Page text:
Acquired by King Frederick II (r. 1559-1588) of Denmark and Norway in 1560 as the Kings Hunting Lodge, Frederick began the work of converting it into a royal palace. From 1599 to 1615 his son King Christian IV (1577-1648) developed it into the largest Renaissance Castle in Scandinavia and one of the most magnificent in the world.
Located in Hillerød, north of Copenhagen, Frederiksborg Castle is beautifully situated on three small islets. Designed in the French and Dutch Renaissance style and constructed of red bricks with sandstone details and sweeping gables: its imaginative spires decorate the 4-storey high building consisting of three wings, all of which are brilliantly decorated and lavishly furnished. The towers, moat, fountains, and courtyards, lake and gardens give the castle a fairy-tale appearance.
The main courtyard contains the Fountain of Neptune designed by Adrian de Vries (1623), although this is a copy, as the original was taken to Sweden when the castle was occupied by the Swedes in 1659.
Throughout the seventeenth century Frederiksborg Castle was often used as a royal residence, but from the 18th century onwards its popularity with the Royal Family faded and it was seldom used by them.
In 1859 the castle was ravaged by a fire which caused major damage to the fabric and contents. The renovation work was carried out, with much of the finance coming from the Carlsberg Foundation who reproduced many of the items which can be seen in the castle today, although they also brought in replacement items from the appropriate era and style.
The Knights or Grand Hall was severely damaged by the fire in 1859 and underwent reconstruction in 1860-1864. It is decorated with portraits of the Kings and Queens of the Glücksborg Line. In the hall is the trumpeters’ balcony from where the entering royalty was saluted. The tapestries of Karel von Mander commissioned by King Christian IV which were hung in this hall were destroyed by the fire.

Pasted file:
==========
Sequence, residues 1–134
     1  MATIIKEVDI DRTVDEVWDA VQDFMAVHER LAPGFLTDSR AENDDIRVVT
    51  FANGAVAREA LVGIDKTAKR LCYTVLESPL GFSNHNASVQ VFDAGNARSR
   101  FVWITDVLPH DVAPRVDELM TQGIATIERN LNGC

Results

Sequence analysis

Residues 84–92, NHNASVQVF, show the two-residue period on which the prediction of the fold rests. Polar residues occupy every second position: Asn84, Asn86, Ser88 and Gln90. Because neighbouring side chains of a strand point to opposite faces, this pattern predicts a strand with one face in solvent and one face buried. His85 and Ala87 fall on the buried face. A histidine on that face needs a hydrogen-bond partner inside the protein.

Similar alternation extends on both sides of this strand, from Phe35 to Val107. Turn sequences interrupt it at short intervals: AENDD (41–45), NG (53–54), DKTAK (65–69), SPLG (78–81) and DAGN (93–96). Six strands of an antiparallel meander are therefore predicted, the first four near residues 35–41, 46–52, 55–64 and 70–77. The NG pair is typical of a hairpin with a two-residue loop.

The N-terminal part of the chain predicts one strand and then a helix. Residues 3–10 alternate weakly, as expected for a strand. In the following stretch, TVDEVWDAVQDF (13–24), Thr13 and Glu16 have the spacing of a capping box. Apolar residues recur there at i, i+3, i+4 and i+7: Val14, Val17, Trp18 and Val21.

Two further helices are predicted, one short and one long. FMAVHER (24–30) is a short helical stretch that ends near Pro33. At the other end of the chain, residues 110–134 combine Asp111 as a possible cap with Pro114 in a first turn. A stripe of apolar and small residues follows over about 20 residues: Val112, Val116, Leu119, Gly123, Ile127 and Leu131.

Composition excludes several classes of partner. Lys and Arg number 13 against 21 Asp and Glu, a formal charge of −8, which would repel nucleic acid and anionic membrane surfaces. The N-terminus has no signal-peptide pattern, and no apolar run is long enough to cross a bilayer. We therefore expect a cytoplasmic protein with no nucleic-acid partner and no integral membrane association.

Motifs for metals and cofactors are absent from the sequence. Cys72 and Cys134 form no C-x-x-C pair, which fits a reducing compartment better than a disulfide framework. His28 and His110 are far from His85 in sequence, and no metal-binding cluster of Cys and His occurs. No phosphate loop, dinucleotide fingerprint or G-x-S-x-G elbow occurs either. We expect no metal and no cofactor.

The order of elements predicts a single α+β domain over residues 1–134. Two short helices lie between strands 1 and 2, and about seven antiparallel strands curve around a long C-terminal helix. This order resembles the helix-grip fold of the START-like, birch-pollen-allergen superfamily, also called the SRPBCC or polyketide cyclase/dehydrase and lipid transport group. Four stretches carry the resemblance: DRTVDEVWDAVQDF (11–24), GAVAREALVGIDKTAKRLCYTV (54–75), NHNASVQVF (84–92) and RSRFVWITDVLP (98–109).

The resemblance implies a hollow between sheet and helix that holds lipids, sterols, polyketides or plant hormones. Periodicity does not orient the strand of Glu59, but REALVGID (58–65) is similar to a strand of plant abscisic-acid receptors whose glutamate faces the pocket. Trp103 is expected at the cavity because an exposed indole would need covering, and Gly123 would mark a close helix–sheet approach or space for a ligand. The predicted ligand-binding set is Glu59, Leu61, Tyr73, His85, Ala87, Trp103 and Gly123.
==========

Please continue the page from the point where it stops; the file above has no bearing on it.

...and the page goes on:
The Knights Chamber with its long corbelled ceiling was used as a dining room by the Lords and Ladies of the court during the time of Christian IV. This also was ravaged by fire and subsequently restored.
The castle chapel managed to escape damage in the fire. The nave and its Gothic stellar vaulting held up with gilded sandstone columns are part of the original construction of Christian IV. The magnificent interior with its gallery is richly decorated with paintings, marble inlay and alabaster figures, pews with marquetry inlay, a silver font, an ebony pulpit, and an organ which is still used to give concerts.
The chapel has great ceremonial importance - Danish kings having been crowned and anointed here. The first being King Christian V in 1671. It was he who established the Chapel of Orders in 1693 and to have his shield displayed on the wall. Since then the shields portraying the coats of arms of the Knights and Ladies who have received the Order of the Elephant and the order of Dannebrog have been hung on the walls of the chapel and the stairway of the tower. Today there are over 3,500 shields on display.
The castle's interior show the changing styles and periods during its history and contains a fine collection of paintings, busts, drawings and photographs. It also contains a fine selection beautiful and ornate ceilings, many of which are decorated with mythological and Danish folklore scenes, royal and holy figures and historical events.
Since 1882 Frederiksborg Castle has been used as Denmark’s Museum of National History and contains items tracing the history of Denmark from 1500 to the present day. It also houses the National Portrait Gallery, containing one of the largest and most important collection of portraits in Denmark.